Archive for April, 2008

The Greatest Ethical Problems

by Jason Stotts

In the first chapter of my book on Sexual Ethics, I am planning to discuss a small number of great problems for philosophy.  I am not going to criticize particular philosophers, but rather particular problems or conceptions of ethics that have stymied the field.  Thus, for an example, the first problem I deal with is (mind/body) dualism.

The reason I write this is to elicit help from you, dear readers.  I’d like to invite you to leave comments with ethical concerns on what you think the biggest problems of ethics are.  I plan on having 5 or 6 problems to focus on in that section and outside feedback would be helpful.

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Life and Values Elaborated

by Jason Stotts

I recently wrote a short piece called “Life and Values” where I argued the following:

1. Values are that which contribute to one’s life; disvalues are things that harm or retard one’s life.

2. In order to say that you value X, you mean that you judge that X will improve your life.

If we can find no fault with the above propositions, then it is clear that a reasonable person cannot value his own life.

Now, the post was written on April Fool’s day for fun. You were supposed to agree with the propositions and come to the counterintuitive conclusion that you cannot value your own life (although you could value the life of another). Although the post was written for a bit of sophistical fun, it is absolutely true. Yet, I fear that it’s not as apparent as it needs to be, so I shall elaborate.

The first premise is that: “values are that which contribute to one’s life[…]”. Now, there is a reason I did not say that values are “that which one acts to gain and/or keep” – this is incorrect. Heresy! I know, but Ayn Rand got this point wrong. To declare that values are that which one acts to gain and or keep is merely to describe the phenomenon, not to explain it. Why do people act to gain and or keep them? Further, must I act to gain or keep something for it to be a value for me? Could I not judge X to be a value to my life without acting to gain or keep it? I can see no way in which evaluation necessitates action. Of course, one might call someone who failed to protect the things he declared as values as hypocritical or cowardly, but that does not mean that he could not value them. Imagine a case where I give up a lesser value to save a greater one; which would be the moral thing to do. Does it therefore follow that I did not value that thing since I did not act to keep it? No, that’s absurd. I simply valued it less and made the rational decision to save the more important value.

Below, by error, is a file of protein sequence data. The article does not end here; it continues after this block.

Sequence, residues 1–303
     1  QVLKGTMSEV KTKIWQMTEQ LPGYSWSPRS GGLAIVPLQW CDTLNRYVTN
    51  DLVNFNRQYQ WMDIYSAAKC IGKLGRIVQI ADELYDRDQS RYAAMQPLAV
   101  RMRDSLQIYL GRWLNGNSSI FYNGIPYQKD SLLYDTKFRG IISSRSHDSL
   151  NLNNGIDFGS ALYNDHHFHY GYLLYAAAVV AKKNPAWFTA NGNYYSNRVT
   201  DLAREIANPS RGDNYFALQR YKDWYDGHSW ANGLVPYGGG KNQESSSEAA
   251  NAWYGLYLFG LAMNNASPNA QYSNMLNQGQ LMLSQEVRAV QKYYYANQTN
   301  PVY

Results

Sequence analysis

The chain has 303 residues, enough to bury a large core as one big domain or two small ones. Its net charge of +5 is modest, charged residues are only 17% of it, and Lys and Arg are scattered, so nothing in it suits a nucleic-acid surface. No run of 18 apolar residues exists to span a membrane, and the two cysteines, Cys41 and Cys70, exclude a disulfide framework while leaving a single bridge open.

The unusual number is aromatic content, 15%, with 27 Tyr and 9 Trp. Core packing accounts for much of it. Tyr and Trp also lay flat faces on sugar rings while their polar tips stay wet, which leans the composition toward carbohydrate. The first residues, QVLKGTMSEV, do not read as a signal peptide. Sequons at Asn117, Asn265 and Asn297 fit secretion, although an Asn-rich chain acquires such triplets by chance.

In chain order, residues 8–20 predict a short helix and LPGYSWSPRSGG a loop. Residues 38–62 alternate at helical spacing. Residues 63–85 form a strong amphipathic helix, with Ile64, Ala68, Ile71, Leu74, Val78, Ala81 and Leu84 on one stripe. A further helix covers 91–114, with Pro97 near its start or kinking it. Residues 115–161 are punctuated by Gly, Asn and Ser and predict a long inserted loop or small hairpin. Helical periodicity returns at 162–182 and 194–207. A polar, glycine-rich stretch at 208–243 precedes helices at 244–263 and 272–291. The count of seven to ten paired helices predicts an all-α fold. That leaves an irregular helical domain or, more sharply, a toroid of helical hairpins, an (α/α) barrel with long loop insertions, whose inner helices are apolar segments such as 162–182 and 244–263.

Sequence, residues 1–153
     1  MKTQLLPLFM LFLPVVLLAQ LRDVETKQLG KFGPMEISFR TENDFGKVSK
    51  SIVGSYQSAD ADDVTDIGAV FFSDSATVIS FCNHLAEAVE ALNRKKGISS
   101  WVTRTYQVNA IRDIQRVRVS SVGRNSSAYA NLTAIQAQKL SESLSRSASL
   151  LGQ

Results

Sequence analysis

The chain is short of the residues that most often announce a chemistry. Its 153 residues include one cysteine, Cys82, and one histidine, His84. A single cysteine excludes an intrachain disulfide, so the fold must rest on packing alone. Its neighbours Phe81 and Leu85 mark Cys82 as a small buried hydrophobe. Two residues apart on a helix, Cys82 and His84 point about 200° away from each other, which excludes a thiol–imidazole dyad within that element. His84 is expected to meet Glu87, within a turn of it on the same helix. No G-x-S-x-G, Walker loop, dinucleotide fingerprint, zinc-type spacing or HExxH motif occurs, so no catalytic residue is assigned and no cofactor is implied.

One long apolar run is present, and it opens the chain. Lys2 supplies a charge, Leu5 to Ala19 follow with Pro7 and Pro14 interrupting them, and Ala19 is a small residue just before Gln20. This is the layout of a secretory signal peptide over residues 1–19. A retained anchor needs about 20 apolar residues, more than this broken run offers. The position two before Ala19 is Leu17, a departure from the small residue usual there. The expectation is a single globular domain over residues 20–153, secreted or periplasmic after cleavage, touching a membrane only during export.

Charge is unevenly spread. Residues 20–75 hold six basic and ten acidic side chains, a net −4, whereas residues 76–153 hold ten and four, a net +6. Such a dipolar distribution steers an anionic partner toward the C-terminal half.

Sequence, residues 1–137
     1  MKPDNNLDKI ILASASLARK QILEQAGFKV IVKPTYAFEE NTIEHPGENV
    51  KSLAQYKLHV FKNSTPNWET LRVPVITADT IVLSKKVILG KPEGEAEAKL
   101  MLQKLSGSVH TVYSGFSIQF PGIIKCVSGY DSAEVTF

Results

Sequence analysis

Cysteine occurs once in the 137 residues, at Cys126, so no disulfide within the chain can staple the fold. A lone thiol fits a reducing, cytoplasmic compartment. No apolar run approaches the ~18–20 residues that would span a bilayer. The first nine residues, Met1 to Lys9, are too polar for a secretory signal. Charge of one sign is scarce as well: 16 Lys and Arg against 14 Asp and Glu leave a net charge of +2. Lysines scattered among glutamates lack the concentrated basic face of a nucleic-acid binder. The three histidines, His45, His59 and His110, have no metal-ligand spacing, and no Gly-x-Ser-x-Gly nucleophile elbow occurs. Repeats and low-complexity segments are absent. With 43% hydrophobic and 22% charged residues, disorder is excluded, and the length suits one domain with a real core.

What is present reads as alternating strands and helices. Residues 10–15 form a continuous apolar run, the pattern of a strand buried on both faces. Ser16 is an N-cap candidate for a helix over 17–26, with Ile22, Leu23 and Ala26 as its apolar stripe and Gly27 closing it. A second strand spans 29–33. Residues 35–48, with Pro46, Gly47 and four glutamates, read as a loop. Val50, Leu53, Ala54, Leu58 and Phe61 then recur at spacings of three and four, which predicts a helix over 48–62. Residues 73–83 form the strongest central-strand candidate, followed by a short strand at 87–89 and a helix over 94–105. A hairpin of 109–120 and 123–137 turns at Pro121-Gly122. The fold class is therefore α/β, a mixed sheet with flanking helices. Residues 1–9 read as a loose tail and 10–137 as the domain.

People pursue values because they think that they will improve their lives: whether the value makes their life more pleasant, more virtuous, more efficient, et cetera. No matter whether their evaluation is true or not, people pursue values because they judge them to be beneficial to their lives in some way. This is the true essence of a value and its defining characteristic. To say that people merely act to acquire them or keep them misses the point. Thus, we can see that my original formulation is correct, whereas Ayn Rand got it wrong.

Premise two of the argument follows directly from the definition of values, which is based on their essential characteristic, and thus is indubitable if the above is correct.

Now, the reason the conclusion follows is that to declare that you value your life means to declare that you judge that your life will improve your life. This, however, is nonsense. Life is the foundational concept of Ethics. Were there no living beings, there could be no Ethics. We can thus understand all of Ethics, at least Objectivist and Aristotelian Ethics, as teleological in nature with the end of the endeavor being life. Of course, the end is not life simply in the sense of continuing to breathe, but flourishing (although this discussion is tangential).

The reason that one cannot value one’s own life is identical to why one cannot prove an axiom: proofs presuppose axioms in the same way that evaluation presupposes one’s life.

Thus, one cannot value one’s own life!

Yet, fear not. This doesn’t mean the end of Ethics or that we should all now seek death. It simply means that we must remove this sloppy saying from our minds. One must still work to become the best person that one can be, if one wishes to live (all of Ethics is predicated upon this hypothetical imperative). Nor does this in any way invalidate the Objectivist Ethics, it simply refines Ayn Rand’s formulation into a more precise (and correct) form.

Now, I expect many comments decrying this heresy, but I’d like to welcome that people judge my arguments on their merits and not simply throw the fallacious appeal to authority. Any true philosophical arguments are welcomed in the comments or to me personally through the Obloggers list or at Erosophia.Blogspot (at) gmail.com.

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Life and Values

by Jason Stotts

1. Values are that which contribute to one’s life; disvalues are things that harm or retard one’s life.

2. In order to say that you value X, you mean that you judge that X will improve your life.

If we can find no fault with the above propositions, then it is clear that a reasonable person cannot value his own life.

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